She spoke for about 25 minutes (relatively little for her) and said little to clarify what Argentina’s stance now is, other than underlining that the holdouts were welcome to the same terms as those of the restructuring in 2005 and 2010 and stressing Argentina’s willingness to negotiate, while making sure to paint the “speculative” holdouts in as bad a light as possible. Continue reading »
News on Monday that the US Supreme Court would not, after all, hear an appeal by Argentina against a lower court ruling forcing it to pay all holders of its defaulted debt came as a body blow to Beunos Aires. Investors, too, were rattled, as bond prices slumped and the country’s 5-year CDS, a form of default insurance, spiked sharply.
All eyes now are on the Casa Rosada, from which president Cristina Fernández will address the nation on television at 9 pm local time on Monday evening. Continue reading »
By Arturo C Porzecanski
José Barrionuevo, the former Barclays Capital emerging markets strategist who came up with the quantitative model that Argentina used to rationalise its punishing 2005 debt restructuring, recently wrote a guest post justifying that infamous transaction: “The framework we proposed offered a way out of default through debt sustainability, and concluded that Argentina would need roughly a 67 per cent write-off to make its outstanding debt sustainable immediately.”
The fact is that Argentina’s economy was sufficiently recovered by early 2005, largely thanks to an intervening commodity export boom, such that the government in Buenos Aires needed only a modest amount of debt-service relief from its creditors in order to regain fiscal viability. This is especially evident with the benefit of hindsight. Continue reading »
By José Barrionuevo of StormHarbour Partners
As the US Supreme Court prepares to decide on June 12 whether or not to hear the case of the Argentine “holdouts”, the debate about the country’s debt restructuring has done little to promote understanding of the significance of the Court’s decision. It is critical to the future of debt restructuring worldwide, as an eventual ruling that allowed Argentina to pay the holdouts the same it has paid other investors would free countries in dire economic conditions and facing insurmountable debts to pursue debt sustainability, a concept that the International Monetary Fund now fully embraces and which allows for solutions that give debtor nations the opportunity to grow again. Continue reading »
What a headache debts can cause. No one knows this better than Cristina Fernández, who after receiving mixed messages related to Argentina’s debt in recent days will have plenty to chew over on her transatlantic flight before she meets the Pope on Monday.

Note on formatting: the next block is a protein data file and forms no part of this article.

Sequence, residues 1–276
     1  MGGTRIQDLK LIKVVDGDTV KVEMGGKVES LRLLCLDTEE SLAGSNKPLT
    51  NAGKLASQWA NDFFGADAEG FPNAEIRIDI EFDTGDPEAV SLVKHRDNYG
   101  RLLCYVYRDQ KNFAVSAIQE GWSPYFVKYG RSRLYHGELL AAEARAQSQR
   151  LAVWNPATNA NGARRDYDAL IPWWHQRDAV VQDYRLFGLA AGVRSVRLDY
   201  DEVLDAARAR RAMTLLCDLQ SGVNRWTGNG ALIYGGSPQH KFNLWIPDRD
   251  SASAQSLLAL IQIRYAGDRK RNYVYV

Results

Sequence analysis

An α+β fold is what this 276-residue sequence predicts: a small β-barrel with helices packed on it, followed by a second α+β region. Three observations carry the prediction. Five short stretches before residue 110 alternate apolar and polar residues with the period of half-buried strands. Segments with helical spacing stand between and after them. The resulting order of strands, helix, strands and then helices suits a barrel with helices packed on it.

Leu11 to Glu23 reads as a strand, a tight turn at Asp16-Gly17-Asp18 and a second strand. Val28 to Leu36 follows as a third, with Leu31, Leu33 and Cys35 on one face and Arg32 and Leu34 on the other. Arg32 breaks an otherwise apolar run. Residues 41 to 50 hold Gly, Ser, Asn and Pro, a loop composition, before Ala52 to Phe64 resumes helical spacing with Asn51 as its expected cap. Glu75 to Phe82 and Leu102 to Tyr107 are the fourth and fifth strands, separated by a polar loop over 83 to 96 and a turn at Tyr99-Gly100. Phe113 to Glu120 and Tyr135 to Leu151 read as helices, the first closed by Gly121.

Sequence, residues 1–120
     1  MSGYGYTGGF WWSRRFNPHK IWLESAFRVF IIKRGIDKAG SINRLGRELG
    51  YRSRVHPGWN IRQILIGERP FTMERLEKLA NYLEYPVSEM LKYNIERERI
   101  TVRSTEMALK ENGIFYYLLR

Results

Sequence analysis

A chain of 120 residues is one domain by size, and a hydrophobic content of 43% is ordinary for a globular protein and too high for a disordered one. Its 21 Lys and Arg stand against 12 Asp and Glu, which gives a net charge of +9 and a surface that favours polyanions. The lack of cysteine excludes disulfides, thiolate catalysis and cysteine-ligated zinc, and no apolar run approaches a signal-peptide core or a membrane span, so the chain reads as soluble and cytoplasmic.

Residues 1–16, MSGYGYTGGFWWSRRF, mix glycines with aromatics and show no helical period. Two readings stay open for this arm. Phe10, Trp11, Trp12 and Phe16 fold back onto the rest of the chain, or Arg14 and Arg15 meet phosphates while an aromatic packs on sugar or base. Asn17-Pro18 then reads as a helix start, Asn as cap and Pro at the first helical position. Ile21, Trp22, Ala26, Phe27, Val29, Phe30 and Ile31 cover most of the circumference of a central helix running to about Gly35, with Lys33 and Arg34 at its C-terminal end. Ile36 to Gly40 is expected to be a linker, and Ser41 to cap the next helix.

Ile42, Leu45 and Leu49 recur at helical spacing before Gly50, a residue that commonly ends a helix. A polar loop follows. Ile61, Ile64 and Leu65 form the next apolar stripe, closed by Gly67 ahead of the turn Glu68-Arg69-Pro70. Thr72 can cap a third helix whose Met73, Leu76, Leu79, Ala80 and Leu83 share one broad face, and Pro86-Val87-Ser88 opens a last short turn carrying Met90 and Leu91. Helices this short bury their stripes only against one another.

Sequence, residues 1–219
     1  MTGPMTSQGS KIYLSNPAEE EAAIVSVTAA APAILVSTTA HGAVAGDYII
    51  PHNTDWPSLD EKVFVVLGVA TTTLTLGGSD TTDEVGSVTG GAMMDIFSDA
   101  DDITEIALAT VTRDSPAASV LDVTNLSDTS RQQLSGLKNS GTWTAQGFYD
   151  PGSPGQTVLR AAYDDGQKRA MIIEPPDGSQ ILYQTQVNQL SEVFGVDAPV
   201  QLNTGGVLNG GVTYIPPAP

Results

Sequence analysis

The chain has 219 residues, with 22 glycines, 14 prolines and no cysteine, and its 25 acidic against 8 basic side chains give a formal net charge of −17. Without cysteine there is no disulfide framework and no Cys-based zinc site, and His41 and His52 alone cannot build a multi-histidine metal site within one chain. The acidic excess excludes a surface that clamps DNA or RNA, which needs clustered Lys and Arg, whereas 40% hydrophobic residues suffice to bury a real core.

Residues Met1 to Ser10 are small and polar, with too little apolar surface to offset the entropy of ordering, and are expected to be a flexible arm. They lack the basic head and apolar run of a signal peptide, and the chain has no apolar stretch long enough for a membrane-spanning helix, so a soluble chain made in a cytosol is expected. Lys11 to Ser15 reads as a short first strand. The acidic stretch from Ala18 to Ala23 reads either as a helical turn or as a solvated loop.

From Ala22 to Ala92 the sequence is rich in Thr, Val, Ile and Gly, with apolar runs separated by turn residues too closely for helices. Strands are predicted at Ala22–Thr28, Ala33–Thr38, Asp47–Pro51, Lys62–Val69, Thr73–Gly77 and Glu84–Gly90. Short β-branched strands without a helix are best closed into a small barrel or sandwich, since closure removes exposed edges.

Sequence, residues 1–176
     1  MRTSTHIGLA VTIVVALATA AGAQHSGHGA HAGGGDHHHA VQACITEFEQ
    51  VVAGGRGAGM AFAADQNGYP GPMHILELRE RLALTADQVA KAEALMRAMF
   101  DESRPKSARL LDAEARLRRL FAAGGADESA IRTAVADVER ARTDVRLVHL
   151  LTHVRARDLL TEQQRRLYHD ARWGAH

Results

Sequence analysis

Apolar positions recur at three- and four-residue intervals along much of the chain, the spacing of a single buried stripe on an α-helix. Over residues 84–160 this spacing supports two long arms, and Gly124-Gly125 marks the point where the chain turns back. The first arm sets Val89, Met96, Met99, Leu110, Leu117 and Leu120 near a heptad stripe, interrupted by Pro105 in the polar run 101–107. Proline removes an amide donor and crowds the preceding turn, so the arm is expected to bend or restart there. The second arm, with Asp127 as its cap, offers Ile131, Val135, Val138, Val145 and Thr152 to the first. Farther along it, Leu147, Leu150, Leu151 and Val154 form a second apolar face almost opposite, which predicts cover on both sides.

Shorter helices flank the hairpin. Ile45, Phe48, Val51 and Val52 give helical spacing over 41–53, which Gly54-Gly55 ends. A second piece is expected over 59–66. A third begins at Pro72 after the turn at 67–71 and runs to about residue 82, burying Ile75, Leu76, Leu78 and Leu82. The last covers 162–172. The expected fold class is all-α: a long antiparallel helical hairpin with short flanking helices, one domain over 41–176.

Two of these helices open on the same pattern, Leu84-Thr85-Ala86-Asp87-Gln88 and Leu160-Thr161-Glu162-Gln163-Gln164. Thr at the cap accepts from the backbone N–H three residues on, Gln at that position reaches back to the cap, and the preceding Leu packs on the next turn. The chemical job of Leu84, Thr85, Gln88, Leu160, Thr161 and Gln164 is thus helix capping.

There was good news today when the Paris Club, a group of countries which Argentina owes about $10bn, invited their debtor to begin formal negotiations in May, after economy minister Axel Kicillof presented a repayment plan in January. Resolution of the Paris Club problem is not only a prerequisite for Argentina’s return to the international capital markets, but it could also help to get much-needed foreign investment flowing back into the country. Continue reading »
By Samuel George of the Bertelsmann Foundation
On February 18 the Republic of Argentina submitted a petition to the US Supreme Court requesting a judicial review of a 2012 decision from the New York Second Circuit Court. That ruling found illegal Argentine payments on restructured sovereign debt if the country did not also service investors who had not accepted the haircut on the non-performing bonds.
If the Second Circuit Court ruling stands, it will set a precedent that holdouts could eventually be paid in full. Bondholders may become increasingly reluctant to accept haircuts on sovereign securities, thus complicating the ability of a distressed country to restructure its debt. Continue reading »
By Marcelo Etchebarne Mihanovich of Cabanellas Etchebarne Kelly
Two cases pending in US federal courts show how sovereign and sub-sovereign borrowers in distress can get very different treatment.
Detroit, with declared debts of approximately $18bn, filed for bankruptcy in July 2013. On December 3, it was declared eligible for protection under Chapter 9 of the US Bankruptcy Code. Judge Stephen Rhodes of the US Bankruptcy Court noted that Detroit had negotiated in bad faith with its more than 100,000 creditors; however, he also expressed the view that negotiation was impracticable. Continue reading »
Is it the beginning of the end for what enthusiasts like to call “the trial of the century” in the world of sovereign debt restructuring?
Well, perhaps, but there could still be an painfully slow ending to a trial that has dragged on for the best part of a decade, after Argentina filed a petition on Tuesday – right on deadline – seeking a US Supreme Court review of an order to pay $1.33bn to “holdout” bondholders who refused to accept restructured debt after Argentina’s 2001 debt default.
There are now three possible scenarios as to how things could go for Argentina at the Supreme Court. Continue reading »